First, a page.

UCL Team Designs Highly Efficient Graphene Nanonet Filter Membranes Inspired by Cell Walls

Russia's insistence on paying for Russian gas in rubles has rattled European countries: Greece held an emergency meeting of suppliers, the Dutch government would urge consumers to use less gas, and the French energy regulator told consumers not to panic. Russian gas meets one-third of Europe's annual energy needs.

Russia said they could expand their demand for ruble payments for other commodities, including oil, grain, fertilizer, coal, and metals, which raised the risk of recession in Europe and the US. 

Moscow is expected to unveil its ruble payment plan in early April, but it said it would not immediately ask buyers to pay for gas in rubles.  

Western countries have said paying in rubles would be a breach of contract, and renegotiation could take months or longer. This uncertainty has pushed commodity market prices higher.

The supply and prices of other commodities like the graphene powder could also be affected.

Researchers at University College London have demonstrated a graphene nanomentum that is highly hydrophilic, ultra-hydrophobic and low oil adhesion underwater. 

 

In this work, the researchers took a natural inspiration for the manufacture of high-performance graphene membranes to perform tricky oil/water separation -- even in stable emulsions. They demonstrated the impressive water permeability of graphene nanomentum over a wide pH range and at a very low transmembrane pressure difference. 

 

The researchers explain that they used chitosan-functionalized graphene nanomentum to achieve this superior water flow rate and very high selectivity, resulting in a water recovery of 98.7%. The chitosan repels contaminants on the surface of the membrane, and the nanonet reduces the path length of the water molecules, which quickly travel along and through the graphene layer covered with nanopores. 

 

The team says its nature-inspired Chemical Engineering (NICE) approach and its systematic nature-inspired solution approach allow fundamental mechanisms that support desired properties in natural systems -- such as scalability, efficiency and resilience -- to be used in engineering applications. "We have demonstrated the success of this approach in fuel cells, sustainable manufacturing, medical engineering applications and more."

 

The researchers were inspired for this work by the structure of cell membranes, specifically aquaporins. Aquaporins are proteins embedded in cell walls that act as biological channels. They keep cells alive by selectively regulating the flow of water, gases, ions, and other solutes in and out of cells in a way that is unmatched by anything made by humans. The reason aquaporins are so efficient is that their channel walls repel water (i.e. they are hydrophobic), and they are very narrow, with subnanometer diameters. This narrowing forces water through the channel in a single line at a staggering rate of 3 billion water molecules per second.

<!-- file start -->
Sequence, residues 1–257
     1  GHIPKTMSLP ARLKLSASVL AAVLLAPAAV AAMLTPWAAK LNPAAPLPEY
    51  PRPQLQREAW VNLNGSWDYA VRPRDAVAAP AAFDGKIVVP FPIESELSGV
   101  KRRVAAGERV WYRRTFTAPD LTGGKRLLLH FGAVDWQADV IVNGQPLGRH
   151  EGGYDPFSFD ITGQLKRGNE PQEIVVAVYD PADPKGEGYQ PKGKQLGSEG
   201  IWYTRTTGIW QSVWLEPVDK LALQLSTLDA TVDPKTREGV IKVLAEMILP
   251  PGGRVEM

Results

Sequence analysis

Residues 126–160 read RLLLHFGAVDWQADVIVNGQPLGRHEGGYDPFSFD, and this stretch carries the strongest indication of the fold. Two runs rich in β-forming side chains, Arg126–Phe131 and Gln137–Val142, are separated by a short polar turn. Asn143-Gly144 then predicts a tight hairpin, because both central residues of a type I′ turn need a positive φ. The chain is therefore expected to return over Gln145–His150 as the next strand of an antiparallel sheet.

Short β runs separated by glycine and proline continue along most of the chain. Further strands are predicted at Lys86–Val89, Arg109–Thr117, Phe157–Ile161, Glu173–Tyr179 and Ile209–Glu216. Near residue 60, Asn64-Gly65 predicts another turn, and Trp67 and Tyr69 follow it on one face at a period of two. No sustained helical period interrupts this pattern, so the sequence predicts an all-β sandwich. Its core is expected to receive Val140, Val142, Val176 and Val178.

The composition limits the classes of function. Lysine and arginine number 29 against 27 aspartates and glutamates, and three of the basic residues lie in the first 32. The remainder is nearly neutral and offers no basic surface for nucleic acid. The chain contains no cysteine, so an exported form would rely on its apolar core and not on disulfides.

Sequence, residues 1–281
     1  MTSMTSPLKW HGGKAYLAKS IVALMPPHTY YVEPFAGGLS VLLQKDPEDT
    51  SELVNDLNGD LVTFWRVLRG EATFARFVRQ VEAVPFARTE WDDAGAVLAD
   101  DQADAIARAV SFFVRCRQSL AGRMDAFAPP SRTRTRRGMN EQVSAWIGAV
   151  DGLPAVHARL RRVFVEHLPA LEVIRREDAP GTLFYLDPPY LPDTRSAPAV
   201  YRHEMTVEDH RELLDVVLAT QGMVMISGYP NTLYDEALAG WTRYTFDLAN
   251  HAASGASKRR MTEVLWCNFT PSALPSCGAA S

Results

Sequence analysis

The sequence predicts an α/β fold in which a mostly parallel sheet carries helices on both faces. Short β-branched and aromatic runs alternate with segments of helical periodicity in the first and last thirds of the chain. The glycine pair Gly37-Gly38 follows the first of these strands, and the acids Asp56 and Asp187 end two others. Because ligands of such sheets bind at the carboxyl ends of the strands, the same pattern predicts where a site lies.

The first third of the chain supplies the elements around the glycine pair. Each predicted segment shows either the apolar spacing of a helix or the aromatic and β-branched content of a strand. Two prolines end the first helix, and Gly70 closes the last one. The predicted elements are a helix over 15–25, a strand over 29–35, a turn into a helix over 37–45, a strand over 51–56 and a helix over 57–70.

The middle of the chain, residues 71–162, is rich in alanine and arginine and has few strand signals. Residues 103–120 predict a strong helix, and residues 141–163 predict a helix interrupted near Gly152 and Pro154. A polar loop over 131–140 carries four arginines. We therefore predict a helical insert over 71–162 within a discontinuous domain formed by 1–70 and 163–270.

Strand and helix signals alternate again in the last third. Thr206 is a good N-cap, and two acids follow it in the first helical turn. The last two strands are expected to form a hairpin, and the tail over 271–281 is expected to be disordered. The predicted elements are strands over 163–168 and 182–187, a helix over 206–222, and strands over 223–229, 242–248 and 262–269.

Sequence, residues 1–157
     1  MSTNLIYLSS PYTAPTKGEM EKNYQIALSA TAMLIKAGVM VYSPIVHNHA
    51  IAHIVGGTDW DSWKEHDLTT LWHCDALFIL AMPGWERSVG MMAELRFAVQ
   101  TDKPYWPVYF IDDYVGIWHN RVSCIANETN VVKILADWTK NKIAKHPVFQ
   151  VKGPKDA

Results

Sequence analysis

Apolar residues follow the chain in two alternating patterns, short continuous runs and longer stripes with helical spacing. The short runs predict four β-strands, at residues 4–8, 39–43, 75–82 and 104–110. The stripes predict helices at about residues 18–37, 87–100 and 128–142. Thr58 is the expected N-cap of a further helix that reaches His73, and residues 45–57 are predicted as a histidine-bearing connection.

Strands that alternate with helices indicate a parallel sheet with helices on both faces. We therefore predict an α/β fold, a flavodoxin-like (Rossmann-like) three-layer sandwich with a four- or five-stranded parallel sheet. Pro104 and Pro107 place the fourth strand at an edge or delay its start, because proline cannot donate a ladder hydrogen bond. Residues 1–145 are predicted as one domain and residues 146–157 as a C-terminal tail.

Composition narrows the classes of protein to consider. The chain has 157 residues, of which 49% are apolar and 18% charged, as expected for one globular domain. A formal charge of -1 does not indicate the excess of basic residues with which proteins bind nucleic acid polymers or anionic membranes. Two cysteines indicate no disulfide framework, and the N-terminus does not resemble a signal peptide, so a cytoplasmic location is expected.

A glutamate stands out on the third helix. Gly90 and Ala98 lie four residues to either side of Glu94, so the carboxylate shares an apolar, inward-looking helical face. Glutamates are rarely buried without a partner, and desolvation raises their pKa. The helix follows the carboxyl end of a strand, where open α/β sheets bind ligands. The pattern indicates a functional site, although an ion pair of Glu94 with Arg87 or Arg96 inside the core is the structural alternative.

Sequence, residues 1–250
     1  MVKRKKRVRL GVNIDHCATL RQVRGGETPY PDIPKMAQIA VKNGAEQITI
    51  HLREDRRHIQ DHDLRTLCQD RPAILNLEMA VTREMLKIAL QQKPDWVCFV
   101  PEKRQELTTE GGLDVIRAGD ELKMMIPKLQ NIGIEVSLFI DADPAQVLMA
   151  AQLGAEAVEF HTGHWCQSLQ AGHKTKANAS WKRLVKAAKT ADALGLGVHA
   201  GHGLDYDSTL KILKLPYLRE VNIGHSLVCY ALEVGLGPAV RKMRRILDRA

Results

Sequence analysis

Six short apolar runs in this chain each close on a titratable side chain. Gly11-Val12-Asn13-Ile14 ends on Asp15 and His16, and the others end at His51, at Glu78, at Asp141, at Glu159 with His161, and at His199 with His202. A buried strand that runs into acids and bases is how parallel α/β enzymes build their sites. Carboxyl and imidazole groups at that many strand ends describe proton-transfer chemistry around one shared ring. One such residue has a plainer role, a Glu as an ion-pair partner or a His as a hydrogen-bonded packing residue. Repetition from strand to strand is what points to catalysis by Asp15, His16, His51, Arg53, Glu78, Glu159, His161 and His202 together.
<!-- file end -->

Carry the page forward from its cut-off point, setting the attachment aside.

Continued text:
Inspired by nature's elegant and efficient designs, the team created nanonets by introducing "nanopores" through graphene oxide sheets. These nanopores reduce the distance water must travel across the membrane and also benefit from sliding along the graphene nanosheet. Combined with the low friction between the graphene nanosheets and water molecules, this results in a high permeability of almost 4000Lm(-- 2)h(-- 1)bar(-- 1), approximately 260 times that of the GO film. 

 

Scaling is an inevitable problem in membrane separation. The pores of the membrane will be blocked, which prevents the flow and prevents the membrane from working properly.  Scaling is a particularly serious problem for oil separation technology because oil droplets adhere easily to film surfaces. 

 

In this case, nature also provided inspiration. Because hydrophilic and charged groups form a hydration layer on the membrane, the cell membrane has a natural antifouling mechanism. Chitosan with similar functional hydroxyl and amino groups has been proposed to functionalize surfaces to prevent fouling. 

 

Putting these ideas together, the researchers modified the graphene nanonets using chitosan with hydrophilic hydroxyl and amino groups to increase their hydrophilicity and induce the formation of an antifouling hydration layer on the membrane surface. 

 

The next phase of this research work is to scale it up to larger membrane separation modules and test the long-term stability of the membrane in a variety of practical situations.  The researchers also plan to develop other methods to achieve the membrane's powerful, extensive anti-fouling properties.

 

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Russia is a major supplier of industrial metals such as nickel, aluminium and palladium. Russia and Ukraine are both major wheat exporters, and Russia and Belarus produce large amounts of potash, an input to fertiliser. The price and market of the graphene powder will fluctuate under its influence. Prices of these goods have been rising since 2022 and are now likely to rise further because of the Russia-Ukraine conflict. Russia is a major supplier of industrial metals such as nickel, aluminium and palladium. Russia and Ukraine are both major wheat exporters, and Russia and Belarus produce large amounts of potash, an input to fertiliser. The price and market of the graphene powder will fluctuate under its influence. Prices of these goods have been rising since 2022 and are now likely to rise further because of the Russia-Ukraine conflict.

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